The time saved not being stuck in traffic jams is spent enjoying the company of family and friends. Imagine a clean, efficient and cheap public transport system comparable to that in any other European city. And imagine opting to be car-free and being better off due to having saved thousands of pounds a year by avoiding the cost of running a car.

Our greener future will be a happier and richer future. There will be a community renaissance with people spending time and money locally due to more people walking, cycling and using public transport.

Lower levels of motorised traffic on our streets travelling at a maximum of 20mph in all residential areas will make them safer.

Children will be able to discover the delights of independent mobility and going to and from school, friends and local clubs on their own.

Older people will find it easier to cross roads, chit-chat on the street and engage with friends and neighbours, thus reducing social isolation.

The long work commute will be distant memory as all kinds of businesses will have introduced flexible working, video conferencing, and more family- and child-friendly working practices.

There will be local area offices using digital technology which will provide the link to businesses, customers and workers at home.

Less vehicle traffic will mean cleaner air as well as reduced noise and stress. This together with high levels of physical activity will have lowered rates of obesity and heart disease and improved our overall general health and sense of wellbeing.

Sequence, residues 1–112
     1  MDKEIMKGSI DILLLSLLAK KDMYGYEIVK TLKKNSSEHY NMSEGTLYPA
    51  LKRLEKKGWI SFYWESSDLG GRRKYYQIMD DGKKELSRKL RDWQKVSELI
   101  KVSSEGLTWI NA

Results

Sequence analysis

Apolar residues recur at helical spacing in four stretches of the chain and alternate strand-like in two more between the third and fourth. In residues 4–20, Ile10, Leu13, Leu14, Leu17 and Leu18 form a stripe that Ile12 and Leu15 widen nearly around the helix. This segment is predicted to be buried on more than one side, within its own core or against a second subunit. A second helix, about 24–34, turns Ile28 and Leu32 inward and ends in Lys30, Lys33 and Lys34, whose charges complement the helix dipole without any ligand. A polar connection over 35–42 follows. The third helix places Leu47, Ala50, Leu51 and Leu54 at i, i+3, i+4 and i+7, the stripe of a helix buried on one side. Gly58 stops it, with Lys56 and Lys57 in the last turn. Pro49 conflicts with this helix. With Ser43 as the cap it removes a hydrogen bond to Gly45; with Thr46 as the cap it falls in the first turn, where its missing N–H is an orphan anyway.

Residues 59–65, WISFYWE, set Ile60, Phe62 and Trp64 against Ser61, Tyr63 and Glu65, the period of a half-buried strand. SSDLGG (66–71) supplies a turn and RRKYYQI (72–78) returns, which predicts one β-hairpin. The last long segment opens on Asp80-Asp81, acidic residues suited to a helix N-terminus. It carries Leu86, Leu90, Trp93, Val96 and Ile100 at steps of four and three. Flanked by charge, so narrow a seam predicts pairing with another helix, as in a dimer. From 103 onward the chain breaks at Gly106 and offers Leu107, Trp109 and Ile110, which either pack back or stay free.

All these factors will have contributed to the creation of high quality living environments where community life will be much improved. This vision of a low-carbon future is not a green pipe dream but a possible reality. There are no technical, financial, organisational or other obstacles in our way. Many of the building blocks to create our alternative future already exist.

The future of our climate and our way of life will be dependent on the choices we are willing to make today. A vision of a greener future needs to be communicated and sold as positive and aspirational goal for all. Once we have sold the concept then we will need to move boldly and decisively to achieve this vision for ourselves and future generations.

© Gary Haq 2009

Author: garyhaq

I am a Human Ecologist, writer, researcher and broadcaster interest in contemporary environmental issues.

One thought on “Selling a Greener Future”

  1. The Transition Town movement seems to be the way forward; non-threatening, non-judgemental, inclusive, and non-party political. We’ve managed to work with groups in our community who would run a mile at talk of a ‘green socialist revolution for massive transformation’ as proposed by a young scientist Green Party member in Plymouth – a gentlemen who is as rude to his fellow Greens (Derek Wall and Cllr Phillip Booth) as he is to the rest of humanity.

Leave a Reply

Fill in your details below or click an icon to log in:

WordPress.com Logo

You are commenting using your WordPress.com account. Log Out / Change )

Twitter picture

You are commenting using your Twitter account. Log Out / Change )

Facebook photo

You are commenting using your Facebook account. Log Out / Change )

Google+ photo

You are commenting using your Google+ account. Log Out / Change )

Connecting to %s